This aspect of things is even more important because the way farmers manage risk leads in a way to market instability.
As long as a market economy prevails (which of course is desirable) – whatever the structure of these markets – prices will fluctuate. The best we can and must maintain for farmers is limited but effective volatility, based on a model that accurately reflects reality. Promises of imminent price “stability” – stability that is almost complete, but never effective – constantly repeated for the last thirty years by model creators, who have ended up believing that tomorrow the world will slip into the exaggerated simplicity of their models, have proved to be a fantasy. They will no longer convince anyone. And globalization will be rejected until we give farmers good reasons to believe what we tell them.
But we have to go one step further. Do these attitudes to risk convey the same psychological reflexes from period to period?
If, as is usually the case in economic models, the attitude to risk in the NAR model was limited to a simple introduction of a correction for the risk, repeated more or less in the same way from period to period for a given producer, we would have made very limited progress in the deplored “mechanisms” mentioned above. And, all things considered, is this characteristic of the behaviour of farmers?
Observation of the markets and the discussions that the NAR team has had over recent months with various farmers suggest that it is nothing of the sort. The reality is more subtle. The NAR model remains a model – therefore a simplification of reality – and it does not claim to convey all the complexity of the agricultural world, but its aim is at least to reflect the specificities of agriculture compared to other economic activities.
The equations of the NAR model will therefore introduce a new dimension, that of the optimism or pessimism of the agricultural economic players. The NAR model tries to convey the fact that optimism increases after prosperous periods, and decreases after a succession of “bad years” – which we know are more numerous than good years in agriculture – through equations elaborated by our team. To do this, they therefore do not include standard economic risk modelling.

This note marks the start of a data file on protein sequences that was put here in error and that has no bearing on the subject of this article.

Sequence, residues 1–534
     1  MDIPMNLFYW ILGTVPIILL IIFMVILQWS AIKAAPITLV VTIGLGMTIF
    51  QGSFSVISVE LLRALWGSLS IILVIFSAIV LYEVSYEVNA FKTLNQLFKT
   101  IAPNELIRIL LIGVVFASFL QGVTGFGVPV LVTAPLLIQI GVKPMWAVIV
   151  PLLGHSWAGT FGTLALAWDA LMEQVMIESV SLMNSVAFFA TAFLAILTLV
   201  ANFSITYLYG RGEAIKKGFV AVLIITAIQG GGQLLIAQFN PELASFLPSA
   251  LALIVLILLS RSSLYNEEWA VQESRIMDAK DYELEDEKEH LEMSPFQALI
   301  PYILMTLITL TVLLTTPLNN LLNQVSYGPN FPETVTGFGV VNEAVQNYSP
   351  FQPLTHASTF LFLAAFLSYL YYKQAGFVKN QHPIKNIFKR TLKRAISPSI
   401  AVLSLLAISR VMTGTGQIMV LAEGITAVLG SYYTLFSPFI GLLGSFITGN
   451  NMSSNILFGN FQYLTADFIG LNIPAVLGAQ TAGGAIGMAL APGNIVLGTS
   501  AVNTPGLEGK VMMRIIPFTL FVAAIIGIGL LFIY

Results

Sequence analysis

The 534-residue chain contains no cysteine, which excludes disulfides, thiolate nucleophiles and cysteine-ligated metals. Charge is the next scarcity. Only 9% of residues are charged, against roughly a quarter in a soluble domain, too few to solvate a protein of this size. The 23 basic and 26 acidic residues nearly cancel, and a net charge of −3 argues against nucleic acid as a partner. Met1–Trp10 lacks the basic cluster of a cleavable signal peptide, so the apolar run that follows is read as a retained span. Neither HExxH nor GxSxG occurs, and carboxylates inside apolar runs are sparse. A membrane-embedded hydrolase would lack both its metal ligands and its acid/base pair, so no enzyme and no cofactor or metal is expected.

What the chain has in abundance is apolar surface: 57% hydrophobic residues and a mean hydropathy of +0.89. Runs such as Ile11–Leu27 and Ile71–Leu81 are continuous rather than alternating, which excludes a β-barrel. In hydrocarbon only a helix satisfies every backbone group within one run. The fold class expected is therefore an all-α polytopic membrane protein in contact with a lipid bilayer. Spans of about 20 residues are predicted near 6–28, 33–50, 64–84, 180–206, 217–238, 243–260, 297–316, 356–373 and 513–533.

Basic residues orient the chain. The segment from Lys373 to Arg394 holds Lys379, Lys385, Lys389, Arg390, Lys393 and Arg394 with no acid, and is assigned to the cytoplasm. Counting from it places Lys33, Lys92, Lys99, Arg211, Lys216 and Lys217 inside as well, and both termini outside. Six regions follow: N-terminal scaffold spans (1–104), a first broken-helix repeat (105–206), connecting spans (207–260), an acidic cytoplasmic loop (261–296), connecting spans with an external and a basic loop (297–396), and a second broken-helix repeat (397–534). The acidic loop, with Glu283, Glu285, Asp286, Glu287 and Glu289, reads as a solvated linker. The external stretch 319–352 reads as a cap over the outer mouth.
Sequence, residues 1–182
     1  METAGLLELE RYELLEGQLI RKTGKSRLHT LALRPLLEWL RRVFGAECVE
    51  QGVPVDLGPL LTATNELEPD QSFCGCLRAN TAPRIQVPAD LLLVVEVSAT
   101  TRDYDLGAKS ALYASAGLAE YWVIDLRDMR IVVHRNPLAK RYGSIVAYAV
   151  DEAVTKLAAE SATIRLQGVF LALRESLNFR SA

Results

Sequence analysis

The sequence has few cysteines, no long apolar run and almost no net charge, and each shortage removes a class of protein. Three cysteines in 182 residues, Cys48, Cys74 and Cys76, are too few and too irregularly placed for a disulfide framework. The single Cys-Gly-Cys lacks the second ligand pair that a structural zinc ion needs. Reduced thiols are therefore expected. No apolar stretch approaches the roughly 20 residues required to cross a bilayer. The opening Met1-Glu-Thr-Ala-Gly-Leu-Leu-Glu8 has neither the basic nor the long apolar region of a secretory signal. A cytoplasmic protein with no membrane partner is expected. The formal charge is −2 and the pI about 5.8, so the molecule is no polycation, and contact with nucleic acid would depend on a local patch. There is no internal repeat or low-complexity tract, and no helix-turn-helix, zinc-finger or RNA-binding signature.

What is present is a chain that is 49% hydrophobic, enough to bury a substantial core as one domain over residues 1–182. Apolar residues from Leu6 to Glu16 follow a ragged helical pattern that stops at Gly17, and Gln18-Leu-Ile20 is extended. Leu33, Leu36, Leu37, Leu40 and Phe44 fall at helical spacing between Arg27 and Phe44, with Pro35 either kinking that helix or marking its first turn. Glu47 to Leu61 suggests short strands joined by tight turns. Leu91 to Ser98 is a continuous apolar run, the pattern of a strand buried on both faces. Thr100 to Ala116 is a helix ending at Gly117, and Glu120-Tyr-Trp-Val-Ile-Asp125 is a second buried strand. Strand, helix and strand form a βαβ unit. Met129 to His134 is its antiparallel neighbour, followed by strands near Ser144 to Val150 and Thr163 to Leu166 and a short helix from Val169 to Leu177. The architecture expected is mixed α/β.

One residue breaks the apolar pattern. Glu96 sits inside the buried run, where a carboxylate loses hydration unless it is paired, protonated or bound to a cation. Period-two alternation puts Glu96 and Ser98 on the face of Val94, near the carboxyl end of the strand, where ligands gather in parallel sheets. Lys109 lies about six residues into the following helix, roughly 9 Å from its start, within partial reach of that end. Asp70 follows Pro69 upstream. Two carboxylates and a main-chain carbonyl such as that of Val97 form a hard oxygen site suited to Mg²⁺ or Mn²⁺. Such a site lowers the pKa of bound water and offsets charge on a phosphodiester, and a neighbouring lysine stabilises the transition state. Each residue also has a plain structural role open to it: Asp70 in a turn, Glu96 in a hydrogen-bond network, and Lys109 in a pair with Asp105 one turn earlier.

Finally, farmers’ decisions are far from being individual isolated decisions, as representatives of “pure” competition maintain. Contact between farmers exists in all countries in the world, whatever the technology, whatever the standard of living. The opinions and psychological attitudes of decision makers in the agricultural world are at least in part influenced by external opinions, expressed within various organizations, cooperatives, unions or those giving technical advice etc. Recent discussions outside the general assembly of a federation of cooperatives, reinforces our conviction on this point. Here again, we will try to convey this state of affairs in our equations.
No, the NAR model will not be just another model, but a real decision-making tool, which will enable international decision-makers and negotiators to make decisions on a more satisfying, credible basis that reflects reality.
Chief Economist of WOAgri